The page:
• There has been a global shift towards a generic ‘American’ accent amongst learners. Many of my students in Indonesia and Malaysia spoke English with an American inflection…or a ‘twang’ They sounded quite American and I was impressed. When I asked if they had an American father or mother or if they had spent time living in the States or Canada very often the answer was no. They had never left their country. Really?….Yes, a constant diet of MTV, American films and television series had seen them develop an accent more in line with Los Angeles than Jakarta or Kuala Lumpur.
  • The globalisation of accent in learners does not however account for the vast majority of learners from a huge variety of linguistic backgrounds. All of whom present particular problems with learning how to formulate correct vowel and consonant sounds, effective stress and rhythm and nuanced, communicative intonation. Take a learner (one of the over 1 billion people learning English currently) from Russia, Italy, Saudi Arabia, Japan, Mexico and Algeria and you will discover a huge difference in how their English sounds…a complex pattern of sounds, dropped consonant endings, flat monotones, exaggerated intonation, confused consonant sounds, flattened vowels, unusual word stress etc etc. It is a linguistic minefield

This way to better English….help your English take off with pronunciation

Luckily I have worked in a school where pronunciation was given equal importance as reading, listening, speaking, writing, grammar and vocabulary. Two lessons per week were devoted to improving pronunciation. When you have a class of 6 students comprising a Swiss, Spaniard, Russian, Brazilian, Kuwaiti and Japanese you can understand why pronunciation was so necessary.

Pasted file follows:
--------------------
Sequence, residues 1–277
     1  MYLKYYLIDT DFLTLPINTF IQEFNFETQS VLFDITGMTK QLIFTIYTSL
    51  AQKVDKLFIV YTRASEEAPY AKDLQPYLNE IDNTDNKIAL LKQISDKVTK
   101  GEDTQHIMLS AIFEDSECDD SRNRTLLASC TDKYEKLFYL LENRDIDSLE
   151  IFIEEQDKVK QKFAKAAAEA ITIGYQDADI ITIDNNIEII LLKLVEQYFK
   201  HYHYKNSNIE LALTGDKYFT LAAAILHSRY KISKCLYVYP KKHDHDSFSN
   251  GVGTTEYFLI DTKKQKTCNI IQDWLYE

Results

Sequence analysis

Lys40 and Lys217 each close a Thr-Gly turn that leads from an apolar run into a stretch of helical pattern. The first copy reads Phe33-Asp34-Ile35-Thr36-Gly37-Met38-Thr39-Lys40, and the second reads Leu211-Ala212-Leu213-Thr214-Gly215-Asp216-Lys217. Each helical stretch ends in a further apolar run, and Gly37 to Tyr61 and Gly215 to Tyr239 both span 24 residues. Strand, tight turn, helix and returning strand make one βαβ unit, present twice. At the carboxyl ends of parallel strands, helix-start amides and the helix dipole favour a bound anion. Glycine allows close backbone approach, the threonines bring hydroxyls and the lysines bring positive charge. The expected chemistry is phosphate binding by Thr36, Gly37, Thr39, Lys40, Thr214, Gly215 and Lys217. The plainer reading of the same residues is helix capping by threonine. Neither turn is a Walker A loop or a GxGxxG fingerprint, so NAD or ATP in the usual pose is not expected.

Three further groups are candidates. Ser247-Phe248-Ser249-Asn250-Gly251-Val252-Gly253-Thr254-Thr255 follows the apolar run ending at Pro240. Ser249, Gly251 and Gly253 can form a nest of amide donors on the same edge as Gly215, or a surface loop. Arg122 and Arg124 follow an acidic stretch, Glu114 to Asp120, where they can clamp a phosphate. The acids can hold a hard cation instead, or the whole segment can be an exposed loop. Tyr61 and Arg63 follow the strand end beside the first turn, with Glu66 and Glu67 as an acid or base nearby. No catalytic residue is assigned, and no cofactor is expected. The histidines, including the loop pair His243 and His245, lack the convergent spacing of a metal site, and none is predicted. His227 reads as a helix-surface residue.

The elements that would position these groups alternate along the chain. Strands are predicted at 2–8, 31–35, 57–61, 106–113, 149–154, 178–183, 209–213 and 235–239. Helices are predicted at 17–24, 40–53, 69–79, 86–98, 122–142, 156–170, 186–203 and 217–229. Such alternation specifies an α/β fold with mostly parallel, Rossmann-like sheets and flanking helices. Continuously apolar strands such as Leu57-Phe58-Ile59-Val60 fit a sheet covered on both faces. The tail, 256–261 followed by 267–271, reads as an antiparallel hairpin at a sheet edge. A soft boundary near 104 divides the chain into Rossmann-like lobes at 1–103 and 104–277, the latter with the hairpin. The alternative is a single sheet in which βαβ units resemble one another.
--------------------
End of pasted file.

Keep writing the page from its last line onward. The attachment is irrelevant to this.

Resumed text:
Many of the students experienced exactly the same problems in their first few days at the school. Based in the West Midlands of England, the students were immediately exposed to native English speakers in every situation. From interacting with a host family, taking a bus to school, buying lunch or train tickets, asking the way, buying a pint in a pub or ordering their fish and chips….

This is a summary of what they found

  • “I can understand the teacher and the staff in the school, but I can’t understand people in the city….Why?!” The reason is simple. As teachers we speak with a clearer, more careful pronunciation dependent on the level of the student. In the ‘real world’ outside of class the students were faced with ‘fast native speech’. I explained that actually they did understand. They knew all the individual words…But it was the speed and the way native speakers link or connect words together that was the problem.

One student panicked in a shop when the assistant asked her..”Wudyalikabag?”…Say it quickly and it is one very fast utterance.. a noise. But we are used to hearing it in context, regularly. The student looked to me for help. “Would..you..like..a..bag?” Ah, I understand she said. She knew the words, the sentence. Easy. But it was understanding fast speech that caused all her problems

  • They expected most people to speak English with a standard English accent; ‘Received Pronunciation’. The English they would most probably have heard via course book listening exercises, the BBC radio and online…’Oxford English’ as it is sometimes known. What they discovered was a variety of English accents which often changed in a very short geographical distance. Within 120 miles / 200km of our school the accents of Birmingham, Wales, Oxford, Bristol, London, Manchester and Liverpool were as diverse and different as you could find.
  • Added to the accents the students experienced a range of dialect….vocabulary and expressions, idiomatic language that caused them more problems in following native speaker pronunciation.
  • When they spoke to native speakers, although most people tried to help and were patient in listening, some would get frustrated and a few would walk off or say ‘no, sorry, can’t help you’. Not very nice. But the root cause was not bad grammar or poor vocabulary. It was how the student asked the question. The use of pronunciation. Take an example of a pleasant, friendly Russian man. Let’s call him Vladimir. He approached a person and asked ‘Can you tell me way to station?’ However his natural tendency as a Russian speaker is to speak with a very low monotone. A flat ___________________________ sentence. No up and down, rise and fall.